Airbnb has laid out an updated series of public policies for the home-sharing service intended to tackle the challenges of the modern world through the promotion of healthy travel and tourism.
The company's head of global policy and public affairs, Chris Lehane shared a 158-card deep deck which accompanied the policy call where Airbnb identified three global challenges facing us (climate, automation, and conflict).
It also asserted that technology has a responsibility to address these as “a global citizen”. The answer, Airbnb says lies in promoting an “Open World” with travel, exploration and understanding overcoming isolationist and populist dogma.
Tasked with delivering on the “Open World” is the Airbnb Office of Healthy Tourism. The Office will foster initiatives that drive economic growth, empower destinations to raise their profile, and support socially, economically and ecologically sustainable tourism.
As Lehane explains:
“Travel and tourism is now 10% of the global economy and growing faster than rest of the economy. One in five jobs in 2017 tracks back to travel and tourism. It’s growing faster than the rest of the economy around 4.6% versus 3%, from a global perspective. It’s projected that 100 million jobs will be generated through travel and tourism over the next ten years.
“We certainly believe that travel plays an important role in society at large. We talk about the concept of open world travel, the concept of promoting an open world. We do believe that we can leverage the inherent design of and nature of our platform to ensure that travel and tourism continues to expand and grow.
“We are working and seeking to democratize the benefits of travel and tourism so that as many people as possible benefit from the economics and continue to grow in this economic sector. To project outward, the growth of travel and tourism is expected to actually accelerate a growing middle class in emerging economies like Latin America, China, India, and Africa.
“By 2030 almost 60% of all travel will be taking place in emerging economies. As we think about travel and tourism, we think about something like junk food versus healthy food, mass travel versus healthy travel. To us, there are really five ingredients that our office of healthy tourism will help encourage, drive, and support that version of healthy travel: is it local, is it authentic, is it diverse, is it inclusive, and is it sustainable.”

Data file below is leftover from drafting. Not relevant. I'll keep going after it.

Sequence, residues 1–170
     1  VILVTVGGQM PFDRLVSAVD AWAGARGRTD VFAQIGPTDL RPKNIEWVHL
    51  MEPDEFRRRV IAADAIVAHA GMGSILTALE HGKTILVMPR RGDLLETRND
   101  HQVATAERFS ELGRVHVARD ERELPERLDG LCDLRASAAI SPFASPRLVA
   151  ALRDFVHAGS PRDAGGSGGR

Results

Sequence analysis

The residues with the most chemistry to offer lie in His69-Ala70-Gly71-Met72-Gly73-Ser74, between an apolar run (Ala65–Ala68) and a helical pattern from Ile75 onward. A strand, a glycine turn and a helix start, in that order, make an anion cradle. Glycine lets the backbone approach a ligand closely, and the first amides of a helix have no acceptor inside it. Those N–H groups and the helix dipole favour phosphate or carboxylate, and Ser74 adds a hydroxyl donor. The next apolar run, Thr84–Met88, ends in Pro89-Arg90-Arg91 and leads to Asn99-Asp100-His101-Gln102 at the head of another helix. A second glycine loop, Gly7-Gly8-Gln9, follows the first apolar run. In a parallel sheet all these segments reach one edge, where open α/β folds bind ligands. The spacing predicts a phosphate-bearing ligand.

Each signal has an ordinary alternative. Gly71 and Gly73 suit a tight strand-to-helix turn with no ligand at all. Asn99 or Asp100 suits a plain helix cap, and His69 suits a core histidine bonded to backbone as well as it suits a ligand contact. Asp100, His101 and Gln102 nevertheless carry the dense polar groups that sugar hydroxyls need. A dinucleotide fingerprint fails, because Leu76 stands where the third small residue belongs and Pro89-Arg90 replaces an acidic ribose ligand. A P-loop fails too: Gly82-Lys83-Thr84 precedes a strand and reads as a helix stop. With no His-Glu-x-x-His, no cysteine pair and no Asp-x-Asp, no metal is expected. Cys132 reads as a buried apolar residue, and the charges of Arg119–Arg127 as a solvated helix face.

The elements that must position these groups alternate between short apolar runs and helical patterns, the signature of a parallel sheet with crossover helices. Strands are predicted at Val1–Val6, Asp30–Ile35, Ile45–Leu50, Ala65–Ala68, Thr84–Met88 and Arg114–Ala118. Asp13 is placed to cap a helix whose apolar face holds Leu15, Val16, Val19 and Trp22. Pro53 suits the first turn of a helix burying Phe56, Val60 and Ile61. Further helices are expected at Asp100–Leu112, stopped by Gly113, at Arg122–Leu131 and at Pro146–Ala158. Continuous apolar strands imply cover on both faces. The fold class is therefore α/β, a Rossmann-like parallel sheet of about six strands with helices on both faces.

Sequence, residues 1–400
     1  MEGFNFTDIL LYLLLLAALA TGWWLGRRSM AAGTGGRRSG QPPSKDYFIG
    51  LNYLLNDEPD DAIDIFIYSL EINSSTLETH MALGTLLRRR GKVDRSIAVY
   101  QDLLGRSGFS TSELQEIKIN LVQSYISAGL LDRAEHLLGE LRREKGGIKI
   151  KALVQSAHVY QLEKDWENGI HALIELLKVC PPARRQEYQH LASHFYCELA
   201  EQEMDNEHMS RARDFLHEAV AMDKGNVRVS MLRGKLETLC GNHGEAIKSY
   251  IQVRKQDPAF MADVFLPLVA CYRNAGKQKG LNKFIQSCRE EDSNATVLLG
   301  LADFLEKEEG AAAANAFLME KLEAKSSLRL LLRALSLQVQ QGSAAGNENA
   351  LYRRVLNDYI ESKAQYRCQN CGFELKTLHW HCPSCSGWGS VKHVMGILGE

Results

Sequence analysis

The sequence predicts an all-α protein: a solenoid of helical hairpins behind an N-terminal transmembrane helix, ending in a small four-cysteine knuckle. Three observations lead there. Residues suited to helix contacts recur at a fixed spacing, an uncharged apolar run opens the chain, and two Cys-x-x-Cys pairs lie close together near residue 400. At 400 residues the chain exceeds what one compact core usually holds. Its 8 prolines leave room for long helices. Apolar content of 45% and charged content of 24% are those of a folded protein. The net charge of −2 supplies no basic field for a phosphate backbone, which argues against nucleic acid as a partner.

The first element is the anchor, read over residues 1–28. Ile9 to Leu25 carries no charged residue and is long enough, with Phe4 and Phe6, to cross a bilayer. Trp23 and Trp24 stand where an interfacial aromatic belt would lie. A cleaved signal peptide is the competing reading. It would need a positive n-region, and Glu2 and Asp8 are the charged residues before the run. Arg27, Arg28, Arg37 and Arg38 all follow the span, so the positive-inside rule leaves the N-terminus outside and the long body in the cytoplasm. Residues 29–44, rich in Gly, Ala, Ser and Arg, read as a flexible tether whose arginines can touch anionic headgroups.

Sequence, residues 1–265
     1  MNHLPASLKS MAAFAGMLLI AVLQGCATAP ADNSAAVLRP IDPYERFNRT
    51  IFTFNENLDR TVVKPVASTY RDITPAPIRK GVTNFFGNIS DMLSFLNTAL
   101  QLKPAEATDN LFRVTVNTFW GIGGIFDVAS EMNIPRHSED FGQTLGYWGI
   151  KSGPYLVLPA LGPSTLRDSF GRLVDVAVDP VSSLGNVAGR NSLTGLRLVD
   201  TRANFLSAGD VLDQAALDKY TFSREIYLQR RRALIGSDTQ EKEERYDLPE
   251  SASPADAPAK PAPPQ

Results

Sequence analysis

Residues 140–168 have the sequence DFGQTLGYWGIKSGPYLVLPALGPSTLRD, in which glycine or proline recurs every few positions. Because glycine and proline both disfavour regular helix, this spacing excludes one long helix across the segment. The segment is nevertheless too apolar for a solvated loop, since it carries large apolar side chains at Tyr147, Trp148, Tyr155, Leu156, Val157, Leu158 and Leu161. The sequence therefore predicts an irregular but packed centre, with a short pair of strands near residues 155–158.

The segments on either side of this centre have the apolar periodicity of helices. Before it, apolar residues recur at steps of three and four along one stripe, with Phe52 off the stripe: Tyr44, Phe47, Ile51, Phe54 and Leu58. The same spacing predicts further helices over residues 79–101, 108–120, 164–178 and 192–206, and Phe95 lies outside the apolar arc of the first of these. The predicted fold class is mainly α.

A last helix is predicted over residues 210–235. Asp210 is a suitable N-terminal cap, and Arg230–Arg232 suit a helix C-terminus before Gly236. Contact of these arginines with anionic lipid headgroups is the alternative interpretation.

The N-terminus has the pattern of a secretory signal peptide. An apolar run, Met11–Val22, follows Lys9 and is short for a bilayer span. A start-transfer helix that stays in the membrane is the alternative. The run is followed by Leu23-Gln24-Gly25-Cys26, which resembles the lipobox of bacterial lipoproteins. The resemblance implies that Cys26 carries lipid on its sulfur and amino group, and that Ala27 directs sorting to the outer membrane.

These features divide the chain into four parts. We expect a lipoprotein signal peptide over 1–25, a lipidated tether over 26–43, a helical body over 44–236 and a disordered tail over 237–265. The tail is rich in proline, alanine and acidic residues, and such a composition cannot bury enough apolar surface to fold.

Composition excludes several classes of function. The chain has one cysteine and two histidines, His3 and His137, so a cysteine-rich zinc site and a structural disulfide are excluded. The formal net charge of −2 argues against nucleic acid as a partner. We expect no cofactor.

Airbnb data SWAT team
To track and promote these five specific elements of healthy travel and tourism, Airbnb is putting together a data sharing strategy with global destinations which will help them develop tourism strategies that meet their local needs.
Lehane describes an Airbnb “data SWAT team” which would “swoop in” offering cities and countries the data they need to inform their tourism strategy and said that Airbnb would leverage its own world class marketing support to promote destinations. Airbnb will also offer data and support which might help destinations qualify for major events, as it did for the Olympics in Rio and in Japan, as well as other locations.
In these cases, Airbnb data helps substantiate that there is adequate occupancy to host guests without requiring the building of new hotel facilities which might later be underused.
Airbnb will continue partnerships with NGOs which would also inform considerations of the social and environmental impact of rising tourism in markets around the world, sharing that information with destination partners.
The company announced that, as part of its commitment to transparency, it was releasing data on the positive impact of healthy tourism for the top 300 cities and 80 countries/regions around the world.
Some highlights include:
- 88% of Airbnb hosts around the world are incorporating environmentally friendly practices into hosting
- 43% of Airbnb hosting income is used to pay for regular household expenses
- 6% of hosts used their Airbnb income to start a new business
- 53% of guests spent the money they saved using Airbnb at businesses in the cities and neighborhoods they visited
- 44% of guest spending happens in the neighborhoods where they stay
- 79% of guests who chose Airbnb because they wanted to live like a local
- 66% of guests said the environmental benefits of home sharing were important in their choice of Airbnb.
- 89% of guests said that they chose Airbnb because it was more conveniently located throughout the city than hotels
Lehane shares case studies where it has already had success promoting healthy travel and tourism and touted the company’s commitment to contributing to local economies through taxes paid and collaboration with regulators.
He also says the company is exploring ways to mark Airbnb listings in a way that highlights their healthy travel and tourism profile, though the exact way in which that would be reflected in the app is still to be determined. Lehane suggests that it might be something akin to designating hosts on the app who offer a liveable wage to cleaners; an initiative Airbnb implemented in North America through a collaboration with the National Domestic Workers Alliance.
The mandate of the Airbnb Office of Healthy Tourism is ambitious, with a broad scope that will likely help the residence sharing application gain greater acceptance in contentious markets around the globe. It is lofty, and intended to appeal to travelers who are concerned over the impact of their wanderlust on the planet and on the many cities and towns they want to explore.
“We do not see ourselves being the answer, but we want to be part of the solution.”